The auditor’s duty is to examine the financial records of the company and to take reasonable care to ascertain that the financial records show the company’s true position. The auditor is expected to prepare a detailed report to the company members and the report shall state the matters set out in schedule six to this act. The auditor is also to consider whether the information given in the director’s report for the year for which the accounts are prepared is consistent with those accounts; and if they are of opinion that it is not, they shall state that fact in their report. If the subsiding company and its auditors fail to provide this information, every other officer who is in default shall be guilty of an offence and liable to fine. That an auditor has the responsibility for the prevention, detection and reporting of fraud, other illegal acts and errors is one of the most controversial issues in auditing, and has been one of the most frequently debated areas amongst auditors, politicians, media, regulators and the public (Gay et al 2007). This debate has been especially highlighted by the collapse of both small and big corporations across the globe. The auditing profession in Nigeria has caught the media’s attention following financial scandals in some of the Nigerian banks such as Intercontinental Bank, Oceanic Bank, Afribank, and Bank PHB among others.
There seems presently to be a misconception that auditors’ duties are largely the preventing, detecting and reporting of fraud, for example, Idris (2009). Financial report users’ perceptions of the extent of fraud in Nigeria, and to determine their perceptions of the auditor’s responsibilities in detecting fraud and the performance of related audit procedures. The paper also aims to ascertain whether the report users’ perceptions of auditors’ responsibilities on fraud are consistent with those of the auditing profession as expressed in auditing standards in Nigeria.
Fraud, according to Adeniji (2004) and ICAN (2006), is an intentional act by one or more individuals among management, employees or third parties, which results in a misrepresentation of financial statements. Fraud can also be seen as the intentional misrepresentation, concealment, or omission of the truth for the purpose of deception/manipulation to the financial detriment of an individual or an organization which also includes embezzlement, theft or any attempt to steal or unlawfully obtain, misuse or harm the asset of the organization, (Adeduro, 2008 and, Bostley and Drover 2002). Fraud has increased considerably over the recent years and professionals believe this trend is likely to continue. According to Brink and Witt (2002), fraud is an ever present threat to the effective utilization of resources and it will always be an important concern of management. ISA 240 ‘The Auditor’s Responsibilities to Consider Fraud in an Audit of Financial Statement (Revised)’ refers to fraud as “an intentional act by one or more individuals among management, those charged with governance, employees or third parties, involving the use of deception to obtain an unjust or illegal advantage”. Aderibigbe and Dada (2007) define fraud as a deliberate deceit planned and executed with the intent to deprive another person of his property or rights directly or indirectly, regardless of whether the perpetrator benefits from his/her actions.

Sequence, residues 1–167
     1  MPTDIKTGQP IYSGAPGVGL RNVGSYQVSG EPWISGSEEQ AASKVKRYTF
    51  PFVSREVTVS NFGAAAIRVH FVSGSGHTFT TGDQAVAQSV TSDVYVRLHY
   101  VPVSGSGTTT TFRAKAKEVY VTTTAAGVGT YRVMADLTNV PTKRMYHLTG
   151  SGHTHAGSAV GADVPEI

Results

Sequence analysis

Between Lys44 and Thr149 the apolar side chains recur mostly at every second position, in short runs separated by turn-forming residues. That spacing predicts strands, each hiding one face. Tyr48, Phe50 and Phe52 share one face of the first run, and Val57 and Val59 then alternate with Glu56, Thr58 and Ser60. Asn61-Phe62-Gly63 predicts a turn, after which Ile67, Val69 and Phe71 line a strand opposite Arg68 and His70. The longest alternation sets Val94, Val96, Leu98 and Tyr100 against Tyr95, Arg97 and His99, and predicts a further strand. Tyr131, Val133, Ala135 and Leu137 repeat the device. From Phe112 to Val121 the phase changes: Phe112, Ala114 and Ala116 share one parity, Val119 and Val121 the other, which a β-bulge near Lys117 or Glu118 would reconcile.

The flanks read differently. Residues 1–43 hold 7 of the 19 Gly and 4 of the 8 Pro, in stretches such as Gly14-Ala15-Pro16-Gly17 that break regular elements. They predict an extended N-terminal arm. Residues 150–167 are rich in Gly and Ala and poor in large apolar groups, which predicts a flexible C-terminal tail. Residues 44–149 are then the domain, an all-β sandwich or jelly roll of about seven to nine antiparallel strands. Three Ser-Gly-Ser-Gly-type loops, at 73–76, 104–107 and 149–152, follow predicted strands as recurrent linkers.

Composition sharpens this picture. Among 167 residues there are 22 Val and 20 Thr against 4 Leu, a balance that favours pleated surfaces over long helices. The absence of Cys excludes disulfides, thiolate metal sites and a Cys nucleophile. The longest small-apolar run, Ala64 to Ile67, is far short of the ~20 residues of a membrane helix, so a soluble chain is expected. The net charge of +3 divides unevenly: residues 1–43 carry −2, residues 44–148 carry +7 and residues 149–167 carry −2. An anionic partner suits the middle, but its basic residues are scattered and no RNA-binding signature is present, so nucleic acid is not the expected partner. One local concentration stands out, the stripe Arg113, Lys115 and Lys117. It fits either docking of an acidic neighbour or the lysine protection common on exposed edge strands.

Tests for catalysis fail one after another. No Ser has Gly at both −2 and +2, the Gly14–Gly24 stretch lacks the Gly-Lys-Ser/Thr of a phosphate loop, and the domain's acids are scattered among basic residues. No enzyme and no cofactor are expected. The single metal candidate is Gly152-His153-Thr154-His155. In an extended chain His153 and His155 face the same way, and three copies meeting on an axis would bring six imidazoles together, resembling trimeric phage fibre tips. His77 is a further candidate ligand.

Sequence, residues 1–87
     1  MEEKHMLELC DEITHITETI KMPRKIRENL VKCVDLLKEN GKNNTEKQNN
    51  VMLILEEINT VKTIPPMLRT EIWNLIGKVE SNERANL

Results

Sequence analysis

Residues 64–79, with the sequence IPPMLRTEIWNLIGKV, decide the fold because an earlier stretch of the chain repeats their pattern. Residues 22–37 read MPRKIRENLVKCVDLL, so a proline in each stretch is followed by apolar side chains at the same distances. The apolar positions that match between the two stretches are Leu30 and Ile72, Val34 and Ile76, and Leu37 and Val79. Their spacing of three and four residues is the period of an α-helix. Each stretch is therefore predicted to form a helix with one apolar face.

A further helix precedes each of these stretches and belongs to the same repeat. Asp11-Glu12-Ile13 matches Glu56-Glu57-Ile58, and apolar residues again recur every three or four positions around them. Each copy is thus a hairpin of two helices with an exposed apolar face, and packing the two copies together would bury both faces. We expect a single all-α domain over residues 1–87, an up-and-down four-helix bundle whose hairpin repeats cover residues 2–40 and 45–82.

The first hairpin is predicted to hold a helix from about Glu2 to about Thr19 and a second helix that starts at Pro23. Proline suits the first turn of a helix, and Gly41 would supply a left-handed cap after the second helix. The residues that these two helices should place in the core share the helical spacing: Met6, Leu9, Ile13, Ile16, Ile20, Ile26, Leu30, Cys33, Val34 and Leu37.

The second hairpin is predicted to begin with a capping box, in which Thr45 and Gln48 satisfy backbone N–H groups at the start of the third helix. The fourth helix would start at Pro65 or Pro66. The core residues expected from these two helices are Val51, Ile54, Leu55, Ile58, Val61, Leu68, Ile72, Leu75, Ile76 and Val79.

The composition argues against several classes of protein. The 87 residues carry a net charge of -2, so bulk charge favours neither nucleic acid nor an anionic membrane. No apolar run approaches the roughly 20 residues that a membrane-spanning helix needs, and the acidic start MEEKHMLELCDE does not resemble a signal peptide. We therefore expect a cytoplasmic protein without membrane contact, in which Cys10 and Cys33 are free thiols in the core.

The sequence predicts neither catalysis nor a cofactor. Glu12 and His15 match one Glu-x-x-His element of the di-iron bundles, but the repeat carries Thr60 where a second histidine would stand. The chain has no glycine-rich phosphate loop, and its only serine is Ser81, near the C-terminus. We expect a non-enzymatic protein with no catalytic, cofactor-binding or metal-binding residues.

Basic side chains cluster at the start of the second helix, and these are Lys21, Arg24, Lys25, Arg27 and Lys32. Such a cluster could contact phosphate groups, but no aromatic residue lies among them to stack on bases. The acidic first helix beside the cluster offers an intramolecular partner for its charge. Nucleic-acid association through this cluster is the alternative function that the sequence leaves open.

Weirich and Reinstein (2000 cited in Allyne & Howard 2005), define fraud as “intentional deception, cheating and stealing”. Some common types of fraud include creating fictitious creditors, “ghosts” on the payroll, falsifying cash sales, undeclared stock, making unauthorized “write-offs”, and claiming excessive or never-incurred expenses. Pollick (2006) regards fraud as a “deliberate misrepresentation, which causes one to suffer damages, usually monetary losses”. Albrecht et al (2005 cited in Allyne & Howard, 2005) classified fraud into employee embezzlement, management fraud, investment scams, vendor fraud, customer fraud, and miscellaneous fraud. Fraud also involves complicated financial transactions conducted by white collar criminals, business professionals with specialized knowledge and criminal intent (Pollick 2006).
The terms fraud, waste and abuse are often used interchangeably, even though they are conceptually and legally distinct. They nevertheless often coexist, frequently arise from the
same underlying factors, and, in terms of prevention, they are often amenable to the same countermeasures. Fraud against the government is more easily accomplished in an environment of administrative and fiscal laxity. Indeed, it may well be that a significant proportion of revenue loss flows less from deceit than from careless or inefficient management of public resources. In any event, the appearance of carelessness and inefficiency can be an invitation to perpetrators of fraud.